Black-naped Oriole – immature

on 26th March 2018

“The ripe papayas in the neighbourhood are a magnet for Black-naped Orioles (Oriolus chinensis maculatus) and this self-feeding, immature bird was present today at the same time as an adult. Note the immature features:

OrioleBN-imm [AmarSingh]

1. Poorly developed black on tail (above).
2. Incomplete/developing black nape and face mask.
3. The black streaks on the breast (below).
4. The iris is red-brown, rather than fully blood red.

OrioleBN-imm [AmarSingh]
OrioleBN-imm [AmarSingh]

“Of interest is the bluish facial skin, not described in literature. Looking through my older images of juveniles, it is present in some images/birds. I suspect the black mask will obscure this in adults. The bill is like the adult colour, although I have seen immature birds of similar development that still have partially black bills.

OrioleBN-imm [AmarSingh]

“There is still limited data on how juveniles and immatures change. I went through all my past images of young birds and did this composite of 9 different birds based on age/appearance (see above). The top 3 are recently fledged birds. The middle three juveniles that were able to feed self, and the bottom 2 on the left immature birds with one adult on the bottom right. Some observations:

1. The iris changes from grey-brown, to brown, then brown-red to blood-red.
2. The bill is much more variable. Although generally black in juveniles it can have a pink hue; sometimes more pink in younger birds and darker black in older birds. A more mature bird (8th in sequence) can have residual black in bill while a less mature bird can have an all pink bill.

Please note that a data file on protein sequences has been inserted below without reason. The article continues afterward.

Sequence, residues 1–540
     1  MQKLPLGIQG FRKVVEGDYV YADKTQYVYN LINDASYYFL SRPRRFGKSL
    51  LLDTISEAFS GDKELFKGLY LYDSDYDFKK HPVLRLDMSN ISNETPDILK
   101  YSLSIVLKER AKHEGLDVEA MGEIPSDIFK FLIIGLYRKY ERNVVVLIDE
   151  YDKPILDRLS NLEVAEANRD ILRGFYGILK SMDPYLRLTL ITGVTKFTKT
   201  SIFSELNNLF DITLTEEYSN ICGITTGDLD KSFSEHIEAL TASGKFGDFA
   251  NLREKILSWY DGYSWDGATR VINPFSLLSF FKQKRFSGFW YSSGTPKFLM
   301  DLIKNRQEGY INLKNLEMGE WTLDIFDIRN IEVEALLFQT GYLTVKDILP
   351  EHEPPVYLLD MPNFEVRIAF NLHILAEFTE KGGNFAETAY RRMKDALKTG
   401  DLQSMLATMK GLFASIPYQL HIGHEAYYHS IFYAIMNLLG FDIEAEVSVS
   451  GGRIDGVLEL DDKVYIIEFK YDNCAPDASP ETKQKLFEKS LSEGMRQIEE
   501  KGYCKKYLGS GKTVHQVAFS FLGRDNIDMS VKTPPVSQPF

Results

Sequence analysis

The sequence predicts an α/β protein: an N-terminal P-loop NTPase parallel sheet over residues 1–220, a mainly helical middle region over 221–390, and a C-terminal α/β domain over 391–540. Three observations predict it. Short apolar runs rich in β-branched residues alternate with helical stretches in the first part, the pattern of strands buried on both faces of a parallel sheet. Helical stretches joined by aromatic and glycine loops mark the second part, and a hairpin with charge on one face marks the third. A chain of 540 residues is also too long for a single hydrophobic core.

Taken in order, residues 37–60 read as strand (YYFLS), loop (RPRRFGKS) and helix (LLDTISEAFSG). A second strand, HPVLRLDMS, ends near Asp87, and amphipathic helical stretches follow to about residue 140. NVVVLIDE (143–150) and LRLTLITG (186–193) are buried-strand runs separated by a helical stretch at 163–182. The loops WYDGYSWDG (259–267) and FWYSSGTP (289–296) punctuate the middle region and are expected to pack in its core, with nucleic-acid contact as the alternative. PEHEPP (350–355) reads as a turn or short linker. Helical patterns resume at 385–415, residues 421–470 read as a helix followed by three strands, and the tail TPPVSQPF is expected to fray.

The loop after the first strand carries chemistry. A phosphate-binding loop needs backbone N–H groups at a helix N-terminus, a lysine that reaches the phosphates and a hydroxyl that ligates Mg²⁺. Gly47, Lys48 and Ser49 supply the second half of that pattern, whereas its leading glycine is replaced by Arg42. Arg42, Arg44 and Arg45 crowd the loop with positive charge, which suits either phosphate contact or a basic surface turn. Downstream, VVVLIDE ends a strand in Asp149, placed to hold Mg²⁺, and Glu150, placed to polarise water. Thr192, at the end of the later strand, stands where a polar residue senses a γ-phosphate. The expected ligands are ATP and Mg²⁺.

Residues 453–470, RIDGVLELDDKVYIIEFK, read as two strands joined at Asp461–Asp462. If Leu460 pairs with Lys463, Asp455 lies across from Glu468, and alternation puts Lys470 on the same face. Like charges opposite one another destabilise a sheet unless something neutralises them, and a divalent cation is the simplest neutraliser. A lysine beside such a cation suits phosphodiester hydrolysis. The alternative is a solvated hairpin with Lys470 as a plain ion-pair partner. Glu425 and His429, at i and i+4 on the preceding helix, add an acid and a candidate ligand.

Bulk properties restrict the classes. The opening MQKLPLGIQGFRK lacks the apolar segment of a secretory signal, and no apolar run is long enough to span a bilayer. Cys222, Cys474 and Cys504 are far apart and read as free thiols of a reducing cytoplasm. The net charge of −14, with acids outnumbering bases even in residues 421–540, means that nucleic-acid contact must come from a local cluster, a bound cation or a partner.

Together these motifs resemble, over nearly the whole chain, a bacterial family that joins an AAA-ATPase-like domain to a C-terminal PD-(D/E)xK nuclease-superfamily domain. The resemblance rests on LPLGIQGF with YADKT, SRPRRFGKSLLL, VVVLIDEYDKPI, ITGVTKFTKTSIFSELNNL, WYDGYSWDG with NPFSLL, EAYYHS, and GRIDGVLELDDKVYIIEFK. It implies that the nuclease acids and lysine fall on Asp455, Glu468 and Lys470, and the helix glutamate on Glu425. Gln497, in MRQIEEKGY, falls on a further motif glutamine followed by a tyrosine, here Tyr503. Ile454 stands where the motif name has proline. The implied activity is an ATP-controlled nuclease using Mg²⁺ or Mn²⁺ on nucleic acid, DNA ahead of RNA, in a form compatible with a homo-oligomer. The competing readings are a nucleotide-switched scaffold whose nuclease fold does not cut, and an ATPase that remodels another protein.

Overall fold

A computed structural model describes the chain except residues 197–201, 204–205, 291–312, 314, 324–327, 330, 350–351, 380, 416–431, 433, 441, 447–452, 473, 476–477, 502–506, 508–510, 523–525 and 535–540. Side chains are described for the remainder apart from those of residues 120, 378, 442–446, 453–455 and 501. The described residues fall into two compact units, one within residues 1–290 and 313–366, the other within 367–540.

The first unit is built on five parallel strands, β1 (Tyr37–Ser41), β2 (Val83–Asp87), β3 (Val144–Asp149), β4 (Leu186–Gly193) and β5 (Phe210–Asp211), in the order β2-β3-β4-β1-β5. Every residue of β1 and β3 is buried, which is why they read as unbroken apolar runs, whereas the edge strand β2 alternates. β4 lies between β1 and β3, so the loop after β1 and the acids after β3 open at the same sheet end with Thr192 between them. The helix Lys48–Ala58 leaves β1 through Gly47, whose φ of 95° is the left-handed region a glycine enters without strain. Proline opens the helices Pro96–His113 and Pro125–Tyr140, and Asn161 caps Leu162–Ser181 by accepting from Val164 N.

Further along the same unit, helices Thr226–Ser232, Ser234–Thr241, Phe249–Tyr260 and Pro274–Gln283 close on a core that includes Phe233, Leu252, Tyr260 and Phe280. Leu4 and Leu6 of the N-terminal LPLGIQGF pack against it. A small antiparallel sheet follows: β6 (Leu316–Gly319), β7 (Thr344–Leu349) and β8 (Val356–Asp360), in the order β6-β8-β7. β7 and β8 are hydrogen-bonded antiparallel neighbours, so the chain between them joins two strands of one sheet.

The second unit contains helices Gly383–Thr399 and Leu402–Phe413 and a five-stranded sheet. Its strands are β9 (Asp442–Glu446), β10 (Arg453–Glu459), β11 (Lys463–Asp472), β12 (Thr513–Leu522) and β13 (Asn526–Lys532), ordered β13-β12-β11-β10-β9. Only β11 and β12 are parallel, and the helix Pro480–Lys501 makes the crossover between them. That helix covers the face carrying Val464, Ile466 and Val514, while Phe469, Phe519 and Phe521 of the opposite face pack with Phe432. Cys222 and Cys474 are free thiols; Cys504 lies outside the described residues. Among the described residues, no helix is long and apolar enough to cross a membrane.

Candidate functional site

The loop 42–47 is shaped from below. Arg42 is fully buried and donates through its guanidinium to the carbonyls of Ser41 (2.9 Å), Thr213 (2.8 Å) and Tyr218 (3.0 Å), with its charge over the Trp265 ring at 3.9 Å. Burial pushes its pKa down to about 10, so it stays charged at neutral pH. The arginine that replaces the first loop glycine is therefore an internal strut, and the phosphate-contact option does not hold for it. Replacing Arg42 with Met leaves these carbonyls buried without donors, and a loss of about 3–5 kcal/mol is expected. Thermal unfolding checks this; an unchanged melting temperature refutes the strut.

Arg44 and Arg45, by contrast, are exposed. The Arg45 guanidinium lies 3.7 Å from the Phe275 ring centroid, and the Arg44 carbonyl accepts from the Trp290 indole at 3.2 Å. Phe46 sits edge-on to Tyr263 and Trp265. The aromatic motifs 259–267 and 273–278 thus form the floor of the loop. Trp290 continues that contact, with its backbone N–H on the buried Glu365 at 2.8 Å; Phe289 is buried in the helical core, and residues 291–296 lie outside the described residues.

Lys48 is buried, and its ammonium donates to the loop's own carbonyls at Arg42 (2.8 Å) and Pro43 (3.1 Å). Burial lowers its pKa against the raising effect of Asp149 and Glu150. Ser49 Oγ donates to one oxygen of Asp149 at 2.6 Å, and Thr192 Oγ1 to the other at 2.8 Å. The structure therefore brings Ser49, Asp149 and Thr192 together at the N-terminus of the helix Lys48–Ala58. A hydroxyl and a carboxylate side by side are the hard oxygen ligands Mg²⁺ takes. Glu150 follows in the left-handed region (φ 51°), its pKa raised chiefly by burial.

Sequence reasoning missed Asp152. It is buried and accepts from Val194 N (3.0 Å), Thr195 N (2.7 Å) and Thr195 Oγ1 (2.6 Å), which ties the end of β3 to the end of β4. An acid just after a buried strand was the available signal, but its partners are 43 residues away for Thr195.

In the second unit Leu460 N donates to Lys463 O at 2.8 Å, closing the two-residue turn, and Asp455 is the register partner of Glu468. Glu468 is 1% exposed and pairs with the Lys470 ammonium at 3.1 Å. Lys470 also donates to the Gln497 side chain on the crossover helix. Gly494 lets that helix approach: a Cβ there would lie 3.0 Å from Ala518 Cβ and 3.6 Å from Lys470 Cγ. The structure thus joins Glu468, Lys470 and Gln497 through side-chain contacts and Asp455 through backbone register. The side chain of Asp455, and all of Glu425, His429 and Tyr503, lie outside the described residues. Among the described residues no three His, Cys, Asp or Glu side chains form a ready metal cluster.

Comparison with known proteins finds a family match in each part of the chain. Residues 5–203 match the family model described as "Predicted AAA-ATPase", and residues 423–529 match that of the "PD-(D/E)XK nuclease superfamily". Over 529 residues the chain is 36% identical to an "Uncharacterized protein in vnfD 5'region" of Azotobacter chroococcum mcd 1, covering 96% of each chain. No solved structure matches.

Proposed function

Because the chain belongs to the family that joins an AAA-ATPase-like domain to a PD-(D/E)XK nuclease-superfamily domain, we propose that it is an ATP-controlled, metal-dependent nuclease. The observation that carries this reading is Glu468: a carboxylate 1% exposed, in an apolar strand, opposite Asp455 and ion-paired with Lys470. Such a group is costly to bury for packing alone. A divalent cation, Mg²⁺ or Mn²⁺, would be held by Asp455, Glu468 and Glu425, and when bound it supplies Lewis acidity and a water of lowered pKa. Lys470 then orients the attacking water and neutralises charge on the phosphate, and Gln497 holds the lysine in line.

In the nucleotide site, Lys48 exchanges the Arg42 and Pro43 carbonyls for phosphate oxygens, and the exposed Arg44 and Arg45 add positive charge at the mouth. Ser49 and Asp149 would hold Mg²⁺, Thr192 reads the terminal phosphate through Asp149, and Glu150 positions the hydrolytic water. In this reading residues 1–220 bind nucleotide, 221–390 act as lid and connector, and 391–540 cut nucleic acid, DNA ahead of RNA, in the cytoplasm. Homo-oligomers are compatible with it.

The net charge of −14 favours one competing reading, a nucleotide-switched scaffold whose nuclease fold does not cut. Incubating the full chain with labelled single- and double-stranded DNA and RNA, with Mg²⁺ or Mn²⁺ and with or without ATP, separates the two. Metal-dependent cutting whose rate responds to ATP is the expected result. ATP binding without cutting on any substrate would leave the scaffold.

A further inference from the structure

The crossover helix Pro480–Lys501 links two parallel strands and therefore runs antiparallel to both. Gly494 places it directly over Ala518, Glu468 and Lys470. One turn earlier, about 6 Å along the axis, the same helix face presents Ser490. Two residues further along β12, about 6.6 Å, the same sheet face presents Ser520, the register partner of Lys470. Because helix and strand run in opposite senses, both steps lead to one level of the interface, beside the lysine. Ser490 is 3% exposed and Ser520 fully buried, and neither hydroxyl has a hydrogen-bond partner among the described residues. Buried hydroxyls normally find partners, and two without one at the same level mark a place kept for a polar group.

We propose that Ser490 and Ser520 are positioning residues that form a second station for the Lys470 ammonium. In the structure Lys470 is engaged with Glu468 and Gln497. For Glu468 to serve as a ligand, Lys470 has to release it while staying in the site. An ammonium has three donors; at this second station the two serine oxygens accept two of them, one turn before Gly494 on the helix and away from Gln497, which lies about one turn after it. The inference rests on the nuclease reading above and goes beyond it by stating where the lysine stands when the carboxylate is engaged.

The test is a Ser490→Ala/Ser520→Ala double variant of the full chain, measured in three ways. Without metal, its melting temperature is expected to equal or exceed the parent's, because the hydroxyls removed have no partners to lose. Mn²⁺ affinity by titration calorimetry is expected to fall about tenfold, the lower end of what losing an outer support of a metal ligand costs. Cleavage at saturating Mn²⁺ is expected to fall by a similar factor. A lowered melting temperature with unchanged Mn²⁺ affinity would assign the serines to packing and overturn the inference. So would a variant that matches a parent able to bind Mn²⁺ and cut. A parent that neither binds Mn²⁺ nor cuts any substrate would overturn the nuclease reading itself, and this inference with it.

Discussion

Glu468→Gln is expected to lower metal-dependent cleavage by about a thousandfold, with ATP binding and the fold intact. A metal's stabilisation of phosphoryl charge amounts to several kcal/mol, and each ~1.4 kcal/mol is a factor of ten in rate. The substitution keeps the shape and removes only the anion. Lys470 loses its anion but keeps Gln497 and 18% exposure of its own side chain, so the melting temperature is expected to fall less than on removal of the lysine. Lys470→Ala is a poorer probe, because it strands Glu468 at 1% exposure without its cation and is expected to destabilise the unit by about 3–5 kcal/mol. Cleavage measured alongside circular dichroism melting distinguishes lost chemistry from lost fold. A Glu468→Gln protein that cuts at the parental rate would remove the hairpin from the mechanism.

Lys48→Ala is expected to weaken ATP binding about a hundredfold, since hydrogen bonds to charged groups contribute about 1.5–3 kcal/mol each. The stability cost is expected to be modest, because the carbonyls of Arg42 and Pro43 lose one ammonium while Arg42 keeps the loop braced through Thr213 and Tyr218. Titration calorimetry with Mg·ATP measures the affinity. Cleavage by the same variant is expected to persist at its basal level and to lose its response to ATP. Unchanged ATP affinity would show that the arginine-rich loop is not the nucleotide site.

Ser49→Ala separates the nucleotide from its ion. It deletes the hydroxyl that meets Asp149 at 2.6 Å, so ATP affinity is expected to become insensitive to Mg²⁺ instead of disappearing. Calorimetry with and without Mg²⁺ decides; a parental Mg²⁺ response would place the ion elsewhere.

3. Similarly the black nape and eye mask can develop earlier or later.
4. Some have a more prominent hooked bill.”

Dato’ Dr Amar-Singh HSS
Amar-Singh HSS (Dato’ Dr)
Ipoh, Perak, Malaysia
15th February 2018

Location: Ipoh, Perak, Malaysia
Habitat: Urban environment

If you like this post please tap on the Like button at the left bottom of page. Any views and opinions expressed in this article are solely those of the authors/contributors, and are not endorsed by the Lee Kong Chian Natural History Museum (LKCNHM, NUS) or its affiliated institutions. Readers are encouraged to use their discretion before making any decisions or judgements based on the information presented.

YC Wee

Dr Wee played a significant role as a green advocate in Singapore through his extensive involvement in various organizations and committees: as Secretary and Chairman for the Malayan Nature Society (Singapore Branch), and with the Nature Society (Singapore) as founding President (1978-1995). He has also served in the Nature Reserve Board (1987-1989), Nature Reserves Committee (1990-1996), National Council on the Environment/Singapore Environment Council (1992-1996), Work-Group on Nature Conservation (1992) and Inter-Varsity Council on the Environment (1995-1997). He is Patron of the Singapore Gardening Society and was appointed Honorary Museum Associate of the Lee Kong Chian Natural History Museum (LKCNHM) in 2012. In 2005, Dr Wee started the Bird Ecology Study Group. With more than 6,000 entries, the website has become a valuable resource consulted by students, birdwatchers and researchers locally and internationally. The views and opinions expressed in this article are his own, and do not represent those of LKCNHM, the National University of Singapore or its affiliated institutions.

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